A Single Light, by Patricia Leslie: monsters prowl the Australian highlands

‘When Rick Hendry is contacted by a federal agent to help investigate a growing number of mysterious vanishings across Australia, he finds himself immersed in a world where normal is a very narrow view of reality. The two men are joined by a doctor, an archeologist, a journalist, and an Afflur Hunter.’ 

They soon discover that in the bush, south of Sydney, among the beach goers, walkers and picnickers, a menace grows. The mysterious Bledray monsters are preparing for a Gathering; a feast of epic proportions. Only the Afflur Hunter and Guardians can stop them, but their strength is failing and humans are needed to help prevent a second holocaust’. 

A Single Light is an urban fantasy tale of ghoulish monsters and non-human protectors battling to save humanity amid the spectacular and rugged landscapes of the Royal National Park south of Sydney.‘ From Back Cover.

Reporter Gabriella worries about the state of her colleague Rick Hendry who is clearly not sleeping well. It turns out he doesn’t want to sleep because in sleep he dreams – and the dreams terrify him.

‘There was something out there, taking people ..’ p.36. Officer Anthony Biglia.

Biglia comes across an expose written by Hendry and believes that the reporter can help him. They swap their theories. Jamie Morell finds abnormalities in the victims’ blood. None of them can work out how and why eight people are dead.

‘All are equal in the face of eternal hunger.’

For the Bledray, Maliak, Moriah, Jedidiah and Laeh, the humans exist only to be protected or to be hunted. On the plains below the high country lie millions of souls, a feast to gorge on.

‘ She ran then, urgency gripping her as the screaming of dying souls mixed with the stars and faded into oblivion.’ p. 136

I found that the hunger of the creatures is somehow believable- it’s the idea of insatiable appetite taken to extremes. The sense of menace grows as the hunters of souls and the hunters of Bledray converge upon one another until there is a climatic encounter as bush fire rages. (The fire scenes seemed particularly struck me in the light of the huge fires in NSW last summer covering some of the same ranges.) The author’s attention to detail and sense of place in the descriptions of these highlands in serves to ground the story. You can read more about Patricia Leslie and her work at her website  patricialeslie.net.

Patricia LeslieA Single Light_a novel by Patricia Leslie_The beach almost deserted

Where to find A Single Light: From the publisher Odyssey Books. Also at Amazon Australia, at Amazon USA, at BookDepository, at Barnes and Noble, at Chapters Indigo, Waterstones, Booktopia and more. Or ask your friendly local bookshop to obtain it for you.

Patricia Leslie also wrote The Ouroborus Key, an absorbing blend of Sumerian mythology, esoteric Templar secrets, and a detective story. This makes for a fascinating combination as you can see from my review here.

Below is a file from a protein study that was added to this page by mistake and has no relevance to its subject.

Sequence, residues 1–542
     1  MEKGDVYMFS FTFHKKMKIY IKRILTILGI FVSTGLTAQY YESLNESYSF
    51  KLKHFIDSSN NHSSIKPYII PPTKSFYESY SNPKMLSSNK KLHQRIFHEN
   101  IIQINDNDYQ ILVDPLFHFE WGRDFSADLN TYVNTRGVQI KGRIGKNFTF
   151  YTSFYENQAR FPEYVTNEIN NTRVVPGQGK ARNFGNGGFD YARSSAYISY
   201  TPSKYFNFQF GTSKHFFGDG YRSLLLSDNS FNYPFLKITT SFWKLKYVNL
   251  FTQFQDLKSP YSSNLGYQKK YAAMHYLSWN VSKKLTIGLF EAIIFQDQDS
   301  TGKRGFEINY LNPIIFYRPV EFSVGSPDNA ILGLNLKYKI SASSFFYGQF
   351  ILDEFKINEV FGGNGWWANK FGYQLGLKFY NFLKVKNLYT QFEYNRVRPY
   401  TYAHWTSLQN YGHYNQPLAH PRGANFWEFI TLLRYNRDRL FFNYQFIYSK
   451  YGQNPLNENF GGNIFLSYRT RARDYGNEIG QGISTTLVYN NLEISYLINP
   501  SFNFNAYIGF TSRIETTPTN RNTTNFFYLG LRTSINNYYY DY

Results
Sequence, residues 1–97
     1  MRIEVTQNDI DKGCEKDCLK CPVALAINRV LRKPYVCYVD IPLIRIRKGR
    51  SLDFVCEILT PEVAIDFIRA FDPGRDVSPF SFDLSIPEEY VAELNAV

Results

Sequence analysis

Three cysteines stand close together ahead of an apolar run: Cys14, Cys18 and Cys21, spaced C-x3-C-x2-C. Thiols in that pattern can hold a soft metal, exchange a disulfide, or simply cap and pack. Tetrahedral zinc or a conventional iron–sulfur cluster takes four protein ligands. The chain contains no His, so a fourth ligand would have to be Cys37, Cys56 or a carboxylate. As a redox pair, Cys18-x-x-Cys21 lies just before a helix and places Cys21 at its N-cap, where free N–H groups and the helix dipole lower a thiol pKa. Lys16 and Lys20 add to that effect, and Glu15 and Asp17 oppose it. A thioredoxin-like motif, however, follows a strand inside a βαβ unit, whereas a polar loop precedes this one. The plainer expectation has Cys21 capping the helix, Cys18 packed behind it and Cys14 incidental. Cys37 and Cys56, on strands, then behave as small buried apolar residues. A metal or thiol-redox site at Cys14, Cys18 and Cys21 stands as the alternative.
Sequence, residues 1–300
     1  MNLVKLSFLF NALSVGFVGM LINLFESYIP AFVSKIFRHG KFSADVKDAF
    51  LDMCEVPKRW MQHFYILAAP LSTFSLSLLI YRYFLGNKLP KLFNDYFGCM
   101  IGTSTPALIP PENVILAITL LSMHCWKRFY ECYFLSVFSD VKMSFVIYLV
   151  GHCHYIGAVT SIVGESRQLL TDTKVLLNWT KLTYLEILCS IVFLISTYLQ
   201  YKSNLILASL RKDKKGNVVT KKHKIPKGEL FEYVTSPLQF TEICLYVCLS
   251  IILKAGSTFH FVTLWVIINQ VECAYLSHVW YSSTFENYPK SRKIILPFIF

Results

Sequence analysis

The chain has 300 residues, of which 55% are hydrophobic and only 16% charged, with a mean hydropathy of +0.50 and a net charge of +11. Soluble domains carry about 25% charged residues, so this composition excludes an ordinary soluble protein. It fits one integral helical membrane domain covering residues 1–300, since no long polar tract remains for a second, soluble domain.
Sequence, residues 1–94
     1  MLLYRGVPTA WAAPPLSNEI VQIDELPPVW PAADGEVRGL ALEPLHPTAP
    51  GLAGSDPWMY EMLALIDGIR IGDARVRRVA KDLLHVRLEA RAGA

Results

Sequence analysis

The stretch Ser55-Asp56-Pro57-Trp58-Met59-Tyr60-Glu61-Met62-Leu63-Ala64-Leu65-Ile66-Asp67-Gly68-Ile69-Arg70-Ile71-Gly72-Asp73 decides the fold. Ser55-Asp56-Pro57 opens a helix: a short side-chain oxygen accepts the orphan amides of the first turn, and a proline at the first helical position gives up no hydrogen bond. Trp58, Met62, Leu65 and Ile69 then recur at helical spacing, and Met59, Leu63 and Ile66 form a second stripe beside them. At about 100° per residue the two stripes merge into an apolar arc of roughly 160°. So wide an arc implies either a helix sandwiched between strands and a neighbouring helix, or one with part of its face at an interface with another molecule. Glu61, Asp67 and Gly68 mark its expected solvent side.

The graphics shown here are courtesy of the author and of publisher Odyssey Books.

You are at Mark’s blog called Baffled Bear Books. Mark is a dark coffee tragic and bibliophile as well as the Guardian and blundering typist for Mawson Bear, Ponderer of Baffling Things and one of this bright world’s few published bears.

The Esme Trilogy: Esme’s Gift, by Elizabeth Foster

A parade of craft cruised the lagoon: gilt-edged ferries and gondolas in jewel-like colours – dazzling blues, crimsons, emerald greens. Sea dragons looped above the rooftops, twisting their sinuous forms … . Esme’s Gift Ch. 3.’

Mark, guardian of Mawson Bear says: Oh dear, our world is not in its finest shape right now, is it. Wouldn’t it be wonderful to be elsewhere. Fortunately, I have to hand Esme’s Gift, the sequel to Esme’s Wish (see my review here and my re-visit here) and I can plunge once more into another world and see again the towers of the city of Esperance and the siren islands of Aeolia.

Esme returns to Aeolia after her failed attempt to convince her father to join her. The evil Nathan Mare is at large and intent on finding the secret knowledge entrusted to her. But high-school waits for no teenager, and in the classrooms and library of Pierpont school she can find friends and allies. And what a library it is.

(Ancient gondalas) repurposed into shelves, lined the library’s walls … No longer fit to carry passengers, they now carried books to the shores of the readers’ minds. Esme’s Gift Ch. 12.’

Esme must gather the strange ingredients of the only elixir that can save her mother. To obtain these elements takes all her courage and all the combined gifts and powers of her friends. But some people are not who they seem to be, and the tension never lets up.

Esme’s Wish and Esme’s Gift are written by Elizabeth Foster with the ‘Young Adult’ audience in mind. But if you happen to be older (after all, some of us have yet to find a potion to wind back the years – and if the high risk alchemical experiments in Esperance are anything to go by, we should stay well away from any such potions or concoctions, or who knows what could happen!) .. if you are an older reader who loves beguiling fantasy worlds and tales of ghosts and of quests into caverns guarded by monsters and ghouls, and if you also don’t object to dragons .. The books of the Esme trilogy will be a treat for you.

Reading of Esperance in Aeolia, a realm of seas, islands, lagoons, oh – and dragons.